Written by Vered Smith, Science Writer
A paper has been published in Nature Genetics exploring the genetic associations of mild COVID-19, using self-reported survey responses.
The researchers surveyed patients who mostly had mild or no symptoms, and included household COVID-19 exposure as a high-risk measure. They used this to investigate susceptibility to COVID-19 infection, including comparing the genetics of exposed individuals who tested positive and exposed individuals who tested negative. The results from this study uncovered new variants that are protective against COVID-19.
The scientists used AncestryDNA (a commercial DNA testing service) as a platform for their survey with over 50 questions asking about the participants’ COVID-19 experience. Between April and August 2020, they collected data from 736,723 participants, and investigated the genetic associations of a range of COVID-19 phenotypes. They constructed four ‘established’ phenotypes that aligned with previously studied COVID-19 phenotypes, and another four ‘expanded’ phenotypes. They then conducted a trans-ancestry GWAS meta-analysis for each of the eight phenotypes.
Analysis of Previously Associated SNPs
The researchers investigated the association between 12 independent SNPs identified as COVID-19 risk loci in recent COVID-19 meta-analyses, and the eight phenotypes. Eight of the 12 SNPs were replicated in at least one of the phenotypes, confirming that their phenotyping results based on self-reported studies were valid.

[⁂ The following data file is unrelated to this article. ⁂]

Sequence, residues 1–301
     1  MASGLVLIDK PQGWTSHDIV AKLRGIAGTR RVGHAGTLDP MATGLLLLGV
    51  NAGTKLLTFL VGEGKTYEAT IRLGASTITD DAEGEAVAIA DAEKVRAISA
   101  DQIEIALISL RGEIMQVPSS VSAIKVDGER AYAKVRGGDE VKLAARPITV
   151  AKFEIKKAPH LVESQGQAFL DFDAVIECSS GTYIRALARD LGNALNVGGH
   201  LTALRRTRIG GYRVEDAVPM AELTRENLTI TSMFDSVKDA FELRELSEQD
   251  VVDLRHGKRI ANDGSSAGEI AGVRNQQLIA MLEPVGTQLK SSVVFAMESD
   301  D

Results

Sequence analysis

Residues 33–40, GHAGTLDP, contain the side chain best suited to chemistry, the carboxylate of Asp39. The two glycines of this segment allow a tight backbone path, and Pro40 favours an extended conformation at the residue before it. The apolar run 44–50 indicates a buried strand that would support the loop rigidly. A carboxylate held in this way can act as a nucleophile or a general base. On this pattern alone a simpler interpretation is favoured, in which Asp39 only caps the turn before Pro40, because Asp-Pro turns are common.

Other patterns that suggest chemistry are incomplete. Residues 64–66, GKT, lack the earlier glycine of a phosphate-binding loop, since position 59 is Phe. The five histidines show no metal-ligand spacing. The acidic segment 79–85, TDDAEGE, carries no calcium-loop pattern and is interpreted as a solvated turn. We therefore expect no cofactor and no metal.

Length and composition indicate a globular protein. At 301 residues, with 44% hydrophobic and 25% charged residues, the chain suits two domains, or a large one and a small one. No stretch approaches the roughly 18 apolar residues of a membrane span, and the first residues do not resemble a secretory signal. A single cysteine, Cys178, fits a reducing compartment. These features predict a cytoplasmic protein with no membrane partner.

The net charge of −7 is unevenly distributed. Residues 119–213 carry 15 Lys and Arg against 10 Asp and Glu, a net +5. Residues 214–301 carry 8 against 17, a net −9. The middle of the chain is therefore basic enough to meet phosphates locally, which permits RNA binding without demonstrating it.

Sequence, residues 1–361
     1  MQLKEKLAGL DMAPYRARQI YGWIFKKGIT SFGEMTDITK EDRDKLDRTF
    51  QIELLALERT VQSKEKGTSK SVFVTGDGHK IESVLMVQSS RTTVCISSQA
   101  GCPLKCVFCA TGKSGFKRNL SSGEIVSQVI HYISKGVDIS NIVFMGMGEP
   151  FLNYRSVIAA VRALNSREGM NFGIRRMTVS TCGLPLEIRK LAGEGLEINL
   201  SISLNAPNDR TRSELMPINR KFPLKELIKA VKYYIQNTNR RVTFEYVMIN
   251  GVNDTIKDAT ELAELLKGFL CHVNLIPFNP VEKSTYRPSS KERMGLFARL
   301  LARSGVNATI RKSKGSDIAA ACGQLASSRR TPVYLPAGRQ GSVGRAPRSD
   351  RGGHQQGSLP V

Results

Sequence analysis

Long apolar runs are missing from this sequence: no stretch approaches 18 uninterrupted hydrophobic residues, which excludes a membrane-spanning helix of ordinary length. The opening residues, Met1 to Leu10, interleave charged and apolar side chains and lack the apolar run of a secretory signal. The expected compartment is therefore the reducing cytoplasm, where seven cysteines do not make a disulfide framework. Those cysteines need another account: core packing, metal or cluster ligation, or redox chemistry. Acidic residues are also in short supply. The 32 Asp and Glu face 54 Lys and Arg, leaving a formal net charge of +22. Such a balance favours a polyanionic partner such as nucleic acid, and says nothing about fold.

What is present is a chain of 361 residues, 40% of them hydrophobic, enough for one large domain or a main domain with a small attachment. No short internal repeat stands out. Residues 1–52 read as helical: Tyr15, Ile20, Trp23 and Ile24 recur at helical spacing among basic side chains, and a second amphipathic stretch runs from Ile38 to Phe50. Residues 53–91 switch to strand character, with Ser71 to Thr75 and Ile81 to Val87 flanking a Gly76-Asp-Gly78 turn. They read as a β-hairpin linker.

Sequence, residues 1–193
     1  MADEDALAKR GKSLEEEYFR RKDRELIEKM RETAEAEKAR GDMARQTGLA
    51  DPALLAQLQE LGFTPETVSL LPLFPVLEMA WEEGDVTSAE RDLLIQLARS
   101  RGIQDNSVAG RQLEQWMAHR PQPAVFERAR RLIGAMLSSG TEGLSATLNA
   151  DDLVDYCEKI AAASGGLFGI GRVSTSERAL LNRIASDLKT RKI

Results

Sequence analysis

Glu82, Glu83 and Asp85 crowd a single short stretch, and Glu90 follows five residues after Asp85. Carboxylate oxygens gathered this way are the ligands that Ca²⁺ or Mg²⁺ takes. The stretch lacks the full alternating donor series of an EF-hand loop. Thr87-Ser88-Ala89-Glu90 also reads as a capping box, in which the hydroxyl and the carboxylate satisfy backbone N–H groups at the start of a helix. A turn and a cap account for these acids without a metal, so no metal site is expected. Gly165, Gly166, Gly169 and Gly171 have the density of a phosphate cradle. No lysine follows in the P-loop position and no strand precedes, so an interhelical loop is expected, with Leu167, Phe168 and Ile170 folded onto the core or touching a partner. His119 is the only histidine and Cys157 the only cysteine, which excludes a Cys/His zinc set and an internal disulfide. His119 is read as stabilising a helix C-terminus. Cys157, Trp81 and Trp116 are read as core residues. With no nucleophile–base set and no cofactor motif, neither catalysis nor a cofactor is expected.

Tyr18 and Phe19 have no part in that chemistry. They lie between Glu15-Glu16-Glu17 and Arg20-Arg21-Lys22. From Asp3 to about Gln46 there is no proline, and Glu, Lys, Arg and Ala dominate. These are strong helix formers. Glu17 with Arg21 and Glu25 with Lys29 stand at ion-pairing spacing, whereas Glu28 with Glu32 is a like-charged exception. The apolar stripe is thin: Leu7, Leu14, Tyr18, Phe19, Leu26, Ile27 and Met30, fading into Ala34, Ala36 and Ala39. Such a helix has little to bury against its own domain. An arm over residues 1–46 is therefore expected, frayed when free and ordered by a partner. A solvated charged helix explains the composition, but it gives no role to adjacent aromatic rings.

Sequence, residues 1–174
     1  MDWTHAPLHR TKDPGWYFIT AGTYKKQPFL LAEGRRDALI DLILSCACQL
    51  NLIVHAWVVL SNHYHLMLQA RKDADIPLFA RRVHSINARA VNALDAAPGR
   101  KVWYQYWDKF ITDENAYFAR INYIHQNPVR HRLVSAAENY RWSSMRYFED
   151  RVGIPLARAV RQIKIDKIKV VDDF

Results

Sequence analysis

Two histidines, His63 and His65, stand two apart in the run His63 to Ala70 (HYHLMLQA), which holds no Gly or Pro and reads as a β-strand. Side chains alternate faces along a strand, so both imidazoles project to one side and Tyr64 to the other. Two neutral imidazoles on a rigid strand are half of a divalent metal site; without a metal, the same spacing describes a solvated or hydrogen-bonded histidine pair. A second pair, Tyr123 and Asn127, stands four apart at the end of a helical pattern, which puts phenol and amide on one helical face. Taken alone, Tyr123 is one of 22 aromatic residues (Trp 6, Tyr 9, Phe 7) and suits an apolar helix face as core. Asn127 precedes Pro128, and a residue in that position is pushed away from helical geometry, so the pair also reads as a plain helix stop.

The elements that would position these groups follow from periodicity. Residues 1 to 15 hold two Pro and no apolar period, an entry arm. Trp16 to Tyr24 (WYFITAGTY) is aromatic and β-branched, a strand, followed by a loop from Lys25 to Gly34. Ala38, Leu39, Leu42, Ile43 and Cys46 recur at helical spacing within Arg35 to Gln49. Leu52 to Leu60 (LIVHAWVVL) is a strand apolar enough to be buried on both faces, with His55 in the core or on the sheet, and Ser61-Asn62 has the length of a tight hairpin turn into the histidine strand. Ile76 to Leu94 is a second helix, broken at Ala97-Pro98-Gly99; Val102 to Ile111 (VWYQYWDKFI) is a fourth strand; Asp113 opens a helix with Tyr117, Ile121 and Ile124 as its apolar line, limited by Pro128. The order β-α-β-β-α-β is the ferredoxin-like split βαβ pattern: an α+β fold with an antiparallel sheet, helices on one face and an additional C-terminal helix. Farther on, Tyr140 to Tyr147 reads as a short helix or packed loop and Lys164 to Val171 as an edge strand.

Associations near ABO, the gene that determines blood type, have been observed in several COVID-19 GWASs. In this study, the main ABO SNP (rs505922) was replicated in all four susceptibility phenotypes and one severity phenotype, verifying it as a genuine susceptibility gene.
Additionally, three previously identified signals in the chr3p21 LZTFL1/SLC6A20 region were independently associated with a different set of phenotypes. The scientists suggested that variation in this region might affect several aspects of COVID-19 susceptibility and severity, and might represent an ‘allelic series’ between genetic variation and disease phenotype.
Genome-wide Discovery Analysis
In their genome-wide analysis, they found three of the ‘expanded’ phenotypes identified a larger proportion of minor alleles with protective effects, whereas the ‘established’ phenotypes identified a larger proportion of minor alleles with risk effects. This is important, as protective loss-of-function variants are good drug targets because their effects can be pharmacologically imitated.
Future studies using mild self-reported symptoms to investigate the full profile of COVID-19 may provide insights into the mechanisms of susceptibility and severity, and enable the discovery of new therapeutic targets.
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